Prevention of Hydrates in Pipelines using Hybrid Thermodynamic Inhibitors

Iyowu, Toyin Olabisi (2010-12-12)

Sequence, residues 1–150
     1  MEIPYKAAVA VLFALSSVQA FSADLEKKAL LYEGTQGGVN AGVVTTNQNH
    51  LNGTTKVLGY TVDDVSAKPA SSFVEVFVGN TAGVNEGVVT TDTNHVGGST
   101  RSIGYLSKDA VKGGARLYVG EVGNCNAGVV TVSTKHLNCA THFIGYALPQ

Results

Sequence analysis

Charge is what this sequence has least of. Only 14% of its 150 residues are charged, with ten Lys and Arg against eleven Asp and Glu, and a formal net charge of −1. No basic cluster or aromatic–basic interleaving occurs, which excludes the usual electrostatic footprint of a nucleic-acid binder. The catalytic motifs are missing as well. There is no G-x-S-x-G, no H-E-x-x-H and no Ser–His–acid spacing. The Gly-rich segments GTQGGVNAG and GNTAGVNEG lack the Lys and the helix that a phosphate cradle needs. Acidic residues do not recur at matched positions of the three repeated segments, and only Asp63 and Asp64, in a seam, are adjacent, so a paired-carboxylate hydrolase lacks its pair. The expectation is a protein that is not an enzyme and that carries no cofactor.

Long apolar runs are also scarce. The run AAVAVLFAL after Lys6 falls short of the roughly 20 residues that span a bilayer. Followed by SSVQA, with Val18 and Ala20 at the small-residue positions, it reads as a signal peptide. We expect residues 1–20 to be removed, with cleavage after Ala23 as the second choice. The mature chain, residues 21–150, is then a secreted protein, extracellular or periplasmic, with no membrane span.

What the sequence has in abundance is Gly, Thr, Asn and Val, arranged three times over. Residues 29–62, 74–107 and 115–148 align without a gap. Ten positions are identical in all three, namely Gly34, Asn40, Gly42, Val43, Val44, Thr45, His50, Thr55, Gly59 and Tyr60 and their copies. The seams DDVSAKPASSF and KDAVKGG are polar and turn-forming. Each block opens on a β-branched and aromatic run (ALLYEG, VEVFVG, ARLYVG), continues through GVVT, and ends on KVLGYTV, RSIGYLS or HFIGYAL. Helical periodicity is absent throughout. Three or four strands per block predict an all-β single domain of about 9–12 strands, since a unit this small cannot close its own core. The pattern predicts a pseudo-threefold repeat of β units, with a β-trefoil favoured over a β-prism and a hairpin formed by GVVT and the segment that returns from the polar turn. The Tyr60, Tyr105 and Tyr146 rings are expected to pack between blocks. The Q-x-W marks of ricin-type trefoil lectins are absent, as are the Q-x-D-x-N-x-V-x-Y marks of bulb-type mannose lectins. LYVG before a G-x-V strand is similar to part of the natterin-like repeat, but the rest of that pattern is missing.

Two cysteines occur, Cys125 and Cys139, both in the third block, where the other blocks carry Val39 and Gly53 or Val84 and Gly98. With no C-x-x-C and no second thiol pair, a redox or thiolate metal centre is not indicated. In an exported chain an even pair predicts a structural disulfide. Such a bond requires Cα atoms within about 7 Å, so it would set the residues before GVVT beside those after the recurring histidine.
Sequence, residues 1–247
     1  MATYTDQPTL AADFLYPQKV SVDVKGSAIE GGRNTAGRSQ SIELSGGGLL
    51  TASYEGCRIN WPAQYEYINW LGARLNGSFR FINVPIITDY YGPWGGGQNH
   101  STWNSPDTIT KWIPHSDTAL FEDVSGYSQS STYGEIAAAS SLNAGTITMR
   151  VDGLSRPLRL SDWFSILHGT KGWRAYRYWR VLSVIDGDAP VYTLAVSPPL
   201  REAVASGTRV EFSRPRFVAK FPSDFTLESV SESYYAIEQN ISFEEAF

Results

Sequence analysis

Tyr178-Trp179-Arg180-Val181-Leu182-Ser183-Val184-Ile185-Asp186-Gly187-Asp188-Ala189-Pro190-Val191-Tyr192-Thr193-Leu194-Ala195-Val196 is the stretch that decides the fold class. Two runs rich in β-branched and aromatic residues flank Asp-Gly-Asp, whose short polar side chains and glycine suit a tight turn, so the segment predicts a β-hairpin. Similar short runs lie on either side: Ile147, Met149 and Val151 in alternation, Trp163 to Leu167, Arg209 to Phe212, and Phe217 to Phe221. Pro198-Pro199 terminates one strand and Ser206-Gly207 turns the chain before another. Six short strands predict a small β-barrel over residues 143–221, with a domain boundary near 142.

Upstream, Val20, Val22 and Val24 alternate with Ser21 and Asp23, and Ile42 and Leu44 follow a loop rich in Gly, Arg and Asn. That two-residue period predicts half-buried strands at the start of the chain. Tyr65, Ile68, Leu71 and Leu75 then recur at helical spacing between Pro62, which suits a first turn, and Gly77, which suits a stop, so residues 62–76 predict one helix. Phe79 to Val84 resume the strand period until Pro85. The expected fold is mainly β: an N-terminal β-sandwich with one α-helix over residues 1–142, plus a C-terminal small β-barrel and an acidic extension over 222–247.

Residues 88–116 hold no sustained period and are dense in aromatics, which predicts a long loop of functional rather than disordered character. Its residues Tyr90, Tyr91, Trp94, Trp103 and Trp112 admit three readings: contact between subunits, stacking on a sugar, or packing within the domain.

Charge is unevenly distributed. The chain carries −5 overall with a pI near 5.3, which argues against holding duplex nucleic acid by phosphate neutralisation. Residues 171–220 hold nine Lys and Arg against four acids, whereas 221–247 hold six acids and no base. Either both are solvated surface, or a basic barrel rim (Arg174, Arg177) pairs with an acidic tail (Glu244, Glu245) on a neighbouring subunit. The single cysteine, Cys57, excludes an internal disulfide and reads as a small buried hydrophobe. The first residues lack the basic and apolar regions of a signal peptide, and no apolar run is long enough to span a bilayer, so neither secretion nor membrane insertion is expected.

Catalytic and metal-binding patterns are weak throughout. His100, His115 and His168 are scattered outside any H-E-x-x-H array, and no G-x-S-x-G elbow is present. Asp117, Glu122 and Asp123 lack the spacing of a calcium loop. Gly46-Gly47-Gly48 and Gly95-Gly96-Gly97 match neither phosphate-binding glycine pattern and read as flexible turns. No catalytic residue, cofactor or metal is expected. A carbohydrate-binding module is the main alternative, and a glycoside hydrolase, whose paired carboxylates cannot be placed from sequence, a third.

Chemical method is the most efficient and flexible method of hydrate control in offshore operations. In recent times, polymers and surfactants have been used to influence the kinetics of hydrate growth and coagulation. However, the traditional polar solvents are still relevant because of their ability to melt hydrates. Due to the large volume of polar thermodynamic inhibitors usually required in the field, this work examines the effect of hybrid hydrate inhibitors (HHI) comprising both polar and ionic thermodynamic hydrate inhibitors. In this study, a Microsoft Excel-based program was developed for evaluating the effectiveness of various polar thermodynamic hydrate inhibitors and hybrid thermodynamic hydrate inhibitors in preventing hydrate deposition. Katz plot was used in obtaining the hydrate formation temperature, when the fluid composition and operating pressure were supplied. Østergaard, Hammerschdmidt and Nielsen Bucklin equation gave the temperature depression and quantity of inhibitor required to prevent hydrate depression in the pipes. Two pipes, Branch 4 & Branch 9, in a fictitious offshore field were used as case study. It was discovered that the quantity of Methanol (MeOH) required in Branch 4 and Branch 9 decreased by 44.5% when Methanol-hybrid Thermodynamic Hydrate Inhibitor (consisting of methanol and salt) was used. The required Mono Ethylene Glycol (MEG) and Di Ethylene Glycol (DEG) also decreased by 33.6% and 35.9% respectively when combined with salt. It was concluded that the most effective hybrid inhibitor is Methanol-Sodium Chloride hybrid because it saved 44.5% of Methanol when used in Branch 4 and 45% Methanol when used in Branch 9. This work enables a flow assurance engineer to calculate the quantity of inhibitor required on the field to prevent hydrate formation on a salt free basis and when the produced water contains salt.